Defendant owned 2 garages. In return for lower prices for petroleum supplied and also for mortgage facilities, they were both tied to the company. One tie was for 4 years 5 months, the other was for 21 years. The former was held to be reasonable and the latter unreasonable. Consequences of void contract: Generally, only the part that offends aganst the various rules is affected. This is severed from the rest of the contract. What remains is then enforced.

4.2.6 TERMINATION OR DISCHARGE OF CONTRACT A contract is discharged when the obligation created by it ceases to be binding on the promisor who is no longer under a duty to perform his side of it. The

implication of discharge is that the parties are released and freed from their mutual obligations. This may arise in the following ways: Express agreement Performance Breach Frustration, or Death

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(1)

This is a work in progress. All topics in the syllabus are covered but editing for necessary corrections is in progress. Thanks. Agreement: Since contracts come into being by agreements, they can also come to an end where the parties bound by it agree to end the contract. For the discharge to be operative, this agreement to terminate must be supported by consideration. Where neither party has performed there is a full release as consideration is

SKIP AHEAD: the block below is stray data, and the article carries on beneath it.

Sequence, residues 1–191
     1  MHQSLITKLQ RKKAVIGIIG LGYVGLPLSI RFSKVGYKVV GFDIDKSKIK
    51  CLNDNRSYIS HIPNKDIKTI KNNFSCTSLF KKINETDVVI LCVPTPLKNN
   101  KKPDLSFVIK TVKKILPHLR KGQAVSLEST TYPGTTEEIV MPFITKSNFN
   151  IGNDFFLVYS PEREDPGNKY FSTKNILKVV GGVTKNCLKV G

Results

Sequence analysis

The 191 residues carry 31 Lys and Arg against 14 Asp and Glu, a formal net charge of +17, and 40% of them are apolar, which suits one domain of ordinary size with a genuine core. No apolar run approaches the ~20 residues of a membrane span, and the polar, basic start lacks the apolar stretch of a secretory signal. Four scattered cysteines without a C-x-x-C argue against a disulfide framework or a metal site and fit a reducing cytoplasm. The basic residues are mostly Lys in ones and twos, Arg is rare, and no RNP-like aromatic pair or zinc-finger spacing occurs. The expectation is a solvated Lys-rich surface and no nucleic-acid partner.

easily furnished by their agreement to be released from their obligations under the contract. This is known as waiver. But where a party has already performed his obligation under the contract, the other party has to provide some fresh consideration. This kind of discharge is known as accord and satisfaction, i.e. apart from the agreement of the parties (accord), the party to be released from his original obligation is providing some consideration for the other party (satisfaction). An agreement to terminate a contract may also take the form of replacing the old contract with a new one and which may be made between the same parties with fresh terms or made by one of the old parties with a third party, and this is known as novation. On the other hand, the parties, by the contract itself, may have provided for the circumstances under which the contract will be discharged (i.e. come to an end). This could be on the occurrence of a certain event, or on the expiration of a specified period of time mutually agreed, or at the option of one or other of the parties, or on the fulfilment of a condition precedent.